I was pleasantly surprised while listening to the titletrack of Sounds Of Passion for the first time in 15 years, in my memory it sounded "no more or less than nice" but I have to say that the music is on a very decent level, no Kayak or Finch but Coda has succeeded to sound quite original and I am delighted about the lush vintage keyboard sound and the varied climates. The titletrack (five parts, recorded in 1983) starts with Prologue featuring a bit pathetic vocal contribution by Peter Van Der Laan. Every of the four following parts contains its unique musical climate: wonderful vintage keyboards (like Hammond, clavinet and Grand piano) and fiery guitar runs in 1st Movement, a mellow mix of percussion and keyboards (beautiful Mellotron sounds) and pleasant guitar with volume pedal (like Steve Hackett) in 2nd Movement, sparkling flute and Grand piano and lush symphonic prog elements like the Moog Taurus bass pedals and choir-Mellotron in 3rd Movement and a splendid grand finale in the 24-carat symphonic prog tradition in 4th Movement: first a choir and church-organ, then a slow rhythm with howling guitar , followed by wonderful interplay between vintage keyboards (from Mellotron to church-organ) and delicate guitarwork, a great final part and Coda at its best! Listening to Chapter 2 I got impressed by the early demo version of the titletrack, to me it even sounds more exciting and compelling than the studio version, an excellent extra on this 2-CD set! The other 7 bonustracks (strong guitar and keyboards in True Melody) are also recorded in 1983, including What A Symphony Part 1 (intense violin-Mellotron like early King Crimson) and Part 2 (I love those Mellotrons and Moog Taurus bass pedals), tracks that appeared on the CD What A Symphony in 1996, the eagerly awaited successor of Sounds Of Passion. I have to admit that while listening to this 2-CD set I have underrated the album Sounds Of Passion since its release in 1986, 21 years later my conclusion is that it fully deserves a part in Dutch progrock history, well done fellow Dutchmen!

During my 3 weeks break on Prog Archives I have decided to leave Prog Archives so this is my final review. The main reason is that I cannot motivate myself any longer on a site that turned from a genuine progressive rock site into a kind of Pandora's Box of prog music and prog-related bands. I would like to thank you for your kind words about my reviews and for your enthousiastic posts in my threads, good luck fellow symphomaniacs!

My rating: CD-1 3 stars, CD-2 3,5 stars.

Review by Windhawk
SPECIAL COLLABORATOR Honorary Collaborator
3 stars This debut album from dutch band Coda has a reputation for being a classical piece of work, and the band sadly underrated.

Coming across this CD now in 2008 makes that a bit hard to understand though. The guy handling keyboards obviously knows his classical music, arrangements and use of instruments has a strong symphonic tinge to them; and the bass player here knows his jazz; and there's lots of interesting soundscapes and sonic textures woven in the main tune as well as the two shorter tracks following. The main problem I have when listening to this stuff now is that often the music isn't going somewhere, some good segments here, others there, but they are not placed within a context that leads to anywhere, instead of evolving or developing I feel that as a listener I'm picked up and dropped down to individual scenes rather than taken on a musical journey.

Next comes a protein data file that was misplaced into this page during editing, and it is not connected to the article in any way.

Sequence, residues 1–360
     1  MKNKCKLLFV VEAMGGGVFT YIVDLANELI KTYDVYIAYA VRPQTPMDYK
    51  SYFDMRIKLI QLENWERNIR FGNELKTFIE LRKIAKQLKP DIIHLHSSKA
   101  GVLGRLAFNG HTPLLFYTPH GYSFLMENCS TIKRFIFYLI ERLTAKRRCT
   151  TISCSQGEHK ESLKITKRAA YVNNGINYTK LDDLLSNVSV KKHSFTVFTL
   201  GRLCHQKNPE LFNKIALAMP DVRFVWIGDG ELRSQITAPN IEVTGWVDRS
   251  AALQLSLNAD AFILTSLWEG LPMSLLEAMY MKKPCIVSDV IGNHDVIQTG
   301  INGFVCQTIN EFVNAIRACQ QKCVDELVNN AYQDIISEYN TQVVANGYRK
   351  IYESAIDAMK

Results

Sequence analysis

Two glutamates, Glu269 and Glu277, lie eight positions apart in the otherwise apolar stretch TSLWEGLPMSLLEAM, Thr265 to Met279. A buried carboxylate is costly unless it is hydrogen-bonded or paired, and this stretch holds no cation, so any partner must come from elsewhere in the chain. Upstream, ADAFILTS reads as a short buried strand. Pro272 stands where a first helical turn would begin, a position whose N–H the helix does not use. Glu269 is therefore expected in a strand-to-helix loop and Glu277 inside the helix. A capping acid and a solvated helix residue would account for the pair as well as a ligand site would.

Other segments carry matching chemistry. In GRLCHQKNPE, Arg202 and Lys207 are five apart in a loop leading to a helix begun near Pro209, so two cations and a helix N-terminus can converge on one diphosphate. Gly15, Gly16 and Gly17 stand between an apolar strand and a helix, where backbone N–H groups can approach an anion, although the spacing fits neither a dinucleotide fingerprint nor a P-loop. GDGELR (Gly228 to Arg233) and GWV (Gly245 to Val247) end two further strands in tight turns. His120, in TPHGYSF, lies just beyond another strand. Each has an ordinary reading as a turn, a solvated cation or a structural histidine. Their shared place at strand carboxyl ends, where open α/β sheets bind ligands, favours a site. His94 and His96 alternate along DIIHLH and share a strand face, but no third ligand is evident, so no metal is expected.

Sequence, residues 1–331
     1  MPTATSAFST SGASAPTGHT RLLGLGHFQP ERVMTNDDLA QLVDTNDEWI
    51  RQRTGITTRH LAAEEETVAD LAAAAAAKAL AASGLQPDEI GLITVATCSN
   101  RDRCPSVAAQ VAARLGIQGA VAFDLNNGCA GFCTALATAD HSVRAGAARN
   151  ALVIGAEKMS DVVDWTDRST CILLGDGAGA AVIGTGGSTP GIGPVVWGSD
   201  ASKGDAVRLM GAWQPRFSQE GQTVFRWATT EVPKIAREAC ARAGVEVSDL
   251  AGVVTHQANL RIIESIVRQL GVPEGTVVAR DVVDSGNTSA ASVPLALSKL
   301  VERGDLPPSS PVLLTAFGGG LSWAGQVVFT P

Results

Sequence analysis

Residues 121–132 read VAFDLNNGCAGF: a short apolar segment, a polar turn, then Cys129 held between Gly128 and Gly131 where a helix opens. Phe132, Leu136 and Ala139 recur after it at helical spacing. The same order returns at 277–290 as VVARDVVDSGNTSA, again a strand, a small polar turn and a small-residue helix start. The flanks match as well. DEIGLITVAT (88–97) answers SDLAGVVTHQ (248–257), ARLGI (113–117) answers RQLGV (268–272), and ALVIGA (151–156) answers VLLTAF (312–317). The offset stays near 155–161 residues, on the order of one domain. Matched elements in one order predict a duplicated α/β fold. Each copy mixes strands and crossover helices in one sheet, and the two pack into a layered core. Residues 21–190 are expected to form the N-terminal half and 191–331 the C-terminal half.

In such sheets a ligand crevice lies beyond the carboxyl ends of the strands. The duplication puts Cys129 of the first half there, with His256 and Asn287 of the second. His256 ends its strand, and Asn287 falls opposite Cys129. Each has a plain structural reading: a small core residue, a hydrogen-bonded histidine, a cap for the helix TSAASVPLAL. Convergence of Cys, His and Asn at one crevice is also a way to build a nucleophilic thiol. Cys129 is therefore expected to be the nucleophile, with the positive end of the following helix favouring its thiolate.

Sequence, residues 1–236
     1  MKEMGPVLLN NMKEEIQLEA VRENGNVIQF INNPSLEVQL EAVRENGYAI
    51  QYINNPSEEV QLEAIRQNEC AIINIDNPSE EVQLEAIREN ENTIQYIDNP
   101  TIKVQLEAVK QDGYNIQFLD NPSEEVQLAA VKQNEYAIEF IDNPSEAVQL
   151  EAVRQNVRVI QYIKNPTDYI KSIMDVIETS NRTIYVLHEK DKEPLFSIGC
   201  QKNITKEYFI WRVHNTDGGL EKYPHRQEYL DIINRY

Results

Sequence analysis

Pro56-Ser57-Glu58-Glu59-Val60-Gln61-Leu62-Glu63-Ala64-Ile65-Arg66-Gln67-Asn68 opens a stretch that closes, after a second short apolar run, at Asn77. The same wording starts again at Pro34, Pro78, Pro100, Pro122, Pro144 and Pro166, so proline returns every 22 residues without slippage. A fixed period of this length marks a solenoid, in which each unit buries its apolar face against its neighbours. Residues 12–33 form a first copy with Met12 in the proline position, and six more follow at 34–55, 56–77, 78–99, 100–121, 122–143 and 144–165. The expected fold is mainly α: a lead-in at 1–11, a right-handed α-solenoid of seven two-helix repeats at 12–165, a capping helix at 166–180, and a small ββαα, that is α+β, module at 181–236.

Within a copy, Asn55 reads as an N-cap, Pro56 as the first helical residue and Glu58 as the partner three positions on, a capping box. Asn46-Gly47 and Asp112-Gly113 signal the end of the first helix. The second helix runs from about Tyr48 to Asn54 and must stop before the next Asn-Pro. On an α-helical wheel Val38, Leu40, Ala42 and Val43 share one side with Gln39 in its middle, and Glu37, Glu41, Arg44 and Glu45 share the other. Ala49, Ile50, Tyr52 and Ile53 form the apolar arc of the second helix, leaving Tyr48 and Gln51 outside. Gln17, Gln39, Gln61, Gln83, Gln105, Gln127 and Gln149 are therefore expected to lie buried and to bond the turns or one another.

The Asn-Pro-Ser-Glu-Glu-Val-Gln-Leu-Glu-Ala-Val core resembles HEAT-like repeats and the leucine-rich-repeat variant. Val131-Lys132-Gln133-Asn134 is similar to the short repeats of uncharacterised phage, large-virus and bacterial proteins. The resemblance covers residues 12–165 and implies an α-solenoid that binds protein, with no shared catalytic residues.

Coda is a talented band, and I can understand why this album had a major impact in 1986. But 20 years later the album's shortcomings are more easily defined - and the lack of cohesiveness in particular is a weakness for me. Still, fans of 80's neoprog in particular will find this release to be a very good addition to their collection; others should check this one out before buying.

Review by Moogtron III
4 stars Classic Dutch eighties album! Because it is not very well known, I thought I might just as well add a review. The original LP consisted of just one epic track, which is completely instrumental (okay, apart from some introductory spoken -word poetry at the start of the album, Gregorian chants somewhere in the middle, and some warning shouts elsewhere in the album). I haven't heard the extra cd with the demos, by the way, I just know the original cd, with the tracklist as mentioned above (the last two tracks are bonus tracks, added for the cd version of the album).

The band is being called Coda, but as the liner notes say: it was originally intended to be an Erik de Vroomen solo project, and you can hear that: the keyboards of Erik de Vroomen are central to the music. Erik de Vroomen is also the only composer, and was producing the band as well. In short: this is Erik de Vroomen's vision. The rest of the band can be heard as well, but they are not very upfront in the mix, with the possible exception of the (great sounding) lead guitar from time to time. Oh, to be clear: it is a real band that is playing, it is not like the Alan Parsons Project (without degrading the latter). And the band could play hard and fast also, as well as subtle like a well integrated seventies symphonic prog band.